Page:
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Recently a friend told me that it is not proper to eat out in restaurants when one is an Aveil. I have been searching for a source that prohibits this. Does anyone know of a source prohibiting eating in a restaurant when one is an Aveil?

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I couldn't locate any source that specifically addresses eating in a restaurant. But I am excerpting some items from this article:

A mourner is defined in halacha as someone mourning during the 12-month mourning period for parents or the 30-day mourning period for the other five relatives (spouse, brother, sister, son, daughter). After 30 days, one is no longer a mourner for anyone but one's parents.

Then, the site explains the problem of eating meals outside:

A mourner may not attend a public meal for any purpose. For example, if the mourner attends a lecture or Torah class at which food is being served, he or she may not eat the food. This only applies to sit-down meals; snacking is permitted.

OK, so the question is if going to a restaurant is considered a "public meal". When I look at the examples listed further on that web page, he lists weddings, bar mitzvah, Torah lectures. The commonality is that this is a sit-down meal designated for a group of people who are considered a unit eating the same (mostly) food.

A restaurant doesn't seem to fit that definition. They are a business and people order from a menu and eat at different times. However, an office party catered by the same restaurant sounds like it would fit the above definition of a "public meal". That's my own analysis.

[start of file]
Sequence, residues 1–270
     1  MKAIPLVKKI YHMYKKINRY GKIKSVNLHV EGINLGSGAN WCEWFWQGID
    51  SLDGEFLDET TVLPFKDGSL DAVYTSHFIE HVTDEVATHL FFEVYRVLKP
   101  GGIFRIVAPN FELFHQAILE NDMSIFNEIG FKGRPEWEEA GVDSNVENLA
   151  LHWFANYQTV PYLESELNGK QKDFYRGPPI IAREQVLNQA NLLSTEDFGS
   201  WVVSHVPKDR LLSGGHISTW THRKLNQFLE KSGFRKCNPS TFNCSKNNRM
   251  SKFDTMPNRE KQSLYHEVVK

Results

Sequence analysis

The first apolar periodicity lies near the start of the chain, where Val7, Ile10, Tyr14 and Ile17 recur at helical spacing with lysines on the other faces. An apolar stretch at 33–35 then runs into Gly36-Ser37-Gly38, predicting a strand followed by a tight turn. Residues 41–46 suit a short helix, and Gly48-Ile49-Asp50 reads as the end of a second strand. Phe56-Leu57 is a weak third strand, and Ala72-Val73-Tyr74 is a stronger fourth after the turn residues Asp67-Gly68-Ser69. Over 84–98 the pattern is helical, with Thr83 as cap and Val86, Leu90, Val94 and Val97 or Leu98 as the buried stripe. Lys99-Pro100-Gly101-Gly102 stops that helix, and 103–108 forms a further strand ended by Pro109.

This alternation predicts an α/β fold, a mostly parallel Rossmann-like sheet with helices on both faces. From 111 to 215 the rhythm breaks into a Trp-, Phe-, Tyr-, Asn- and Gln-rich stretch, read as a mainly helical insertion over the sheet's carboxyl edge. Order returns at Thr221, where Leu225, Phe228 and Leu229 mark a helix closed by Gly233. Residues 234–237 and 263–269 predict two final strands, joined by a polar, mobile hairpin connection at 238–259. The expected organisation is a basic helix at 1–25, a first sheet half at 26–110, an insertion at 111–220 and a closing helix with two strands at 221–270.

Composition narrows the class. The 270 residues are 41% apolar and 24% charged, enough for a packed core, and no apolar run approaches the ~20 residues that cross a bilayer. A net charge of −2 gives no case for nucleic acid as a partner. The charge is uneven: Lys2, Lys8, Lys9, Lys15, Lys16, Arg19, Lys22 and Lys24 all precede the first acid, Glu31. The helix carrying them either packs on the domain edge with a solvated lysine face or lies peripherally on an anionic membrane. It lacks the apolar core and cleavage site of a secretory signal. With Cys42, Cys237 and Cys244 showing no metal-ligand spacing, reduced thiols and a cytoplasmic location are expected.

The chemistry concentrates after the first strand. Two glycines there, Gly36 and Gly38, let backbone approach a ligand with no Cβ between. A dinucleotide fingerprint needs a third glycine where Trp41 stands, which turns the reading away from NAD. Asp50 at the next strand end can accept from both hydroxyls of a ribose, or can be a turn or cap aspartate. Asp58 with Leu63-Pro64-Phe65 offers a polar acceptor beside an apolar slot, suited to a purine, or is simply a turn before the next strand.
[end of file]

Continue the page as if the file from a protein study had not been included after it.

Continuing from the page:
What does seem clearer from the above quote is that it seems restricted to a sit-down meal. If you go to Starbucks and drink a coffee at the table there, I don't think that's considered a "meal".

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    1. You have just made up a definition based on a couple of examples from some internet article. You really need to find an authoritative definition of a "public meal" 2. Your conclusion from the definition that you made up doesn't even make any sense. How does a family going to a restaurant not meet your definition precisely? – Daniel May 30 '16 at 22:50

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